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Threads All Arts Festival

Blog

New Years and Nitrogen

Karen Toomasian

We at Threads are excited to be with you all in the New Year (also known as the time you will write the date wrong on stuff)! The collective escape from 2017 and the great unknown of 2018 is made all the sweeter by the fact that Threads 2018 is only 9 weeks away! That’s 66 days, or 1584 hours, or 95,040 minutes, or 63,360 cooked bowls of oatmeal, if you get the kind that is called “minute oatmeal” but takes a minute-and-a-half. However you measure it, the festival is soon. In preparation for Threads 2018 we are working are little tookises off to make things happen. We are getting ready to give you all the line up, ticket info, some new merch, and other good stuff. But this is all for later. And now that I’ve told you about the things you can expect, but I can’t tell you anything about the things themselves, we’re going to have to change tacks and talk about nitrogen. Yes. Nitrogen.

Try to peel away all the layers of hatred for high school chemistry and put up with an over excited biologist talking about an element. Nitrogen is super important. Our bodies need it to make DNA, RNA, and, by extension, proteins. Basically, our bodies, and all other living and maybe non-living things, (looking at you viruses) use nitrogen to make this whole “life” thing happen. We need it to grow, move, digest, store genetic material, reproduce, and not die. This is why nitrogen is the most important ingredient in fertilizer.

At this stage you might be saying, “great, nitrogen makes it all happen. SO, if it is this important to life, it must be everywhere.” And you would be right, sort of. You may have heard, at some point, that the air we breathe isn’t just oxygen, in fact most of it is not oxygen. 78% of the earth’s atmosphere is actually nitrogen gas (N2, for all the nerds and :N≡N: for super-nerds). For comparison only 21% of the atmosphere is made up of that sweet, sweet oxygen that everyone is talking so much about.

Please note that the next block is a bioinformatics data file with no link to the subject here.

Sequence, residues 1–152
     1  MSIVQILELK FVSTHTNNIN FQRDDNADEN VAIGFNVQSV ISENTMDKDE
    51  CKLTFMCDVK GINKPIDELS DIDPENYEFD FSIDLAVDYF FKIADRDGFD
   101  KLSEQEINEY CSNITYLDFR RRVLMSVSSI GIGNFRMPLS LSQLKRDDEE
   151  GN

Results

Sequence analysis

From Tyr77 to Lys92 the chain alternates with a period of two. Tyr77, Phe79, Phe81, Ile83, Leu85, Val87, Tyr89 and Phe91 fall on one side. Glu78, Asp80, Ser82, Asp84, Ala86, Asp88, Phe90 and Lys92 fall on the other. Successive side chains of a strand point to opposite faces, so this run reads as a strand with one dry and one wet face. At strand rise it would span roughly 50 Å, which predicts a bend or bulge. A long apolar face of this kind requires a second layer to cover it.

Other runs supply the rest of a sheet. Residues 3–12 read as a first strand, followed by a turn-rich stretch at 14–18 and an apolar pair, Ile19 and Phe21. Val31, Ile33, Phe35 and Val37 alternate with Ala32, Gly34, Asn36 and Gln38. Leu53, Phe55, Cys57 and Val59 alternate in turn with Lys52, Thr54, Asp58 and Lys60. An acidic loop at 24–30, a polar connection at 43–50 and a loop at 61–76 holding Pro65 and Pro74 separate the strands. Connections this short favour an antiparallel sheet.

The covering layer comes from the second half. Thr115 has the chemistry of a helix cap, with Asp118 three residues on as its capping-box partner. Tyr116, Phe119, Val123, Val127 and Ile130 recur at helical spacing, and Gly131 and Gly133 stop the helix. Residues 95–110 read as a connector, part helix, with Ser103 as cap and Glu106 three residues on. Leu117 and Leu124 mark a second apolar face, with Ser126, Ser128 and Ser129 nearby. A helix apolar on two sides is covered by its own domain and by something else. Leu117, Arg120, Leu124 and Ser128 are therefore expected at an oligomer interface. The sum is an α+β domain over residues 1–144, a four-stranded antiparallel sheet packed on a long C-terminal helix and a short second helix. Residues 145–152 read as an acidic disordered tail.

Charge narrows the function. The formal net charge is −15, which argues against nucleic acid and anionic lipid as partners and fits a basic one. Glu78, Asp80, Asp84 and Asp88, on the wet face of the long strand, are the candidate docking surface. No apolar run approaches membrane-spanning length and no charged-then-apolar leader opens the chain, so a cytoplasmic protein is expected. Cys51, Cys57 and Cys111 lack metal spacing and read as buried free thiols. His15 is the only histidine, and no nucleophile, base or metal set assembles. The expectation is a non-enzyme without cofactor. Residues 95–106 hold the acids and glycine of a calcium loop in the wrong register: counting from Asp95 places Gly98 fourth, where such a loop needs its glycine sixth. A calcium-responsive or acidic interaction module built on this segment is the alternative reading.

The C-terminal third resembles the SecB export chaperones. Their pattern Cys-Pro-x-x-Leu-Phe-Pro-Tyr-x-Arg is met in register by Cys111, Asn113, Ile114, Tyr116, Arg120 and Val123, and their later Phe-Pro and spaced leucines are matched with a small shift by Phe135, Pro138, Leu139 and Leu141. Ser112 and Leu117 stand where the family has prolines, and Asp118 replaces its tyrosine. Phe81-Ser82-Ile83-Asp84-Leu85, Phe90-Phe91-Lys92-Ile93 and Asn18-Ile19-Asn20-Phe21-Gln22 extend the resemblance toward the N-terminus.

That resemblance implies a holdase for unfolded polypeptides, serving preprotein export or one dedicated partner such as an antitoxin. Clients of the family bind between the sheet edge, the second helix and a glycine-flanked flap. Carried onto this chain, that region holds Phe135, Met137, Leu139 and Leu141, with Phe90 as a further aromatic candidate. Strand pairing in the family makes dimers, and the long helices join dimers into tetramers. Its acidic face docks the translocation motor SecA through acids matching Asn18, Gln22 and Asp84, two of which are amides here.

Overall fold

“Great, nitrogen makes it all happen and the atmosphere is mostly nitrogen so we just breathe in and we’re all good, right?” This, unfortunately, is where things get a little bit tricky. Yes, the air that we breathe is mostly nitrogen gas, but the two nitrogen atoms that make up nitrogen gas are bound so tightly together (see the note for nerds and super-nerds above) that the nitrogen itself is basically unusable. This isn’t a problem for us animals; we just eat plants or other animals that eat plants to get our fix of nitrogen. But this is a huge problem for the plants that we get our nitrogen from. That bond is so tight that there are basically only two things that can break it: actual lightning going through the atmosphere ripping apart molecules, and bacteria. There are bacteria that live in/around the roots of plants and, in exchange for a spot to live and food, invest basically all their energy to break that nitrogen gas up into a form that is usable to their host plants. The host plants are totally willing to give the bacteria some of their food (read: carbon) in return for nitrogen, which the plants use to make everything from leaves to DNA. Sometimes an animal wanders along and eats the plant, getting that that sweet, sweet usable nitrogen in the process.

(As a side note for those who are interested: the nitrogen-fixing bacteria (the ones that make nitrogen gas from the atmosphere into usable nitrogen) are frequently associated with fungi, also on the plant roots. These fungi act as another step in the whole nitrogen-for-food trade-off pathway. Basically, the fungi make it easier for the bacteria to transform nitrogen gas into usable nitrogen, and the bacteria make it easier for the fungi to colonize the plant roots.)

So as a recap: nitrogen is in the air, but not in a way we can use it. Bacteria (or lightening) break it up into a usable form so plants can take it up and use it to photosynthesize and make leaves and other important stuff, like seeds, oats, DNA, and caffeine. Then along comes some animal that eats it. This is how animals get all the nitrogen that we need to make life happen and to make things like DNA, RNA, and art.

In the New Year we are thankful that you all care about Threads, we are excited to experience Threads 2018 with you, and we are indebted to the nitrogen that makes it all happen.

Bye!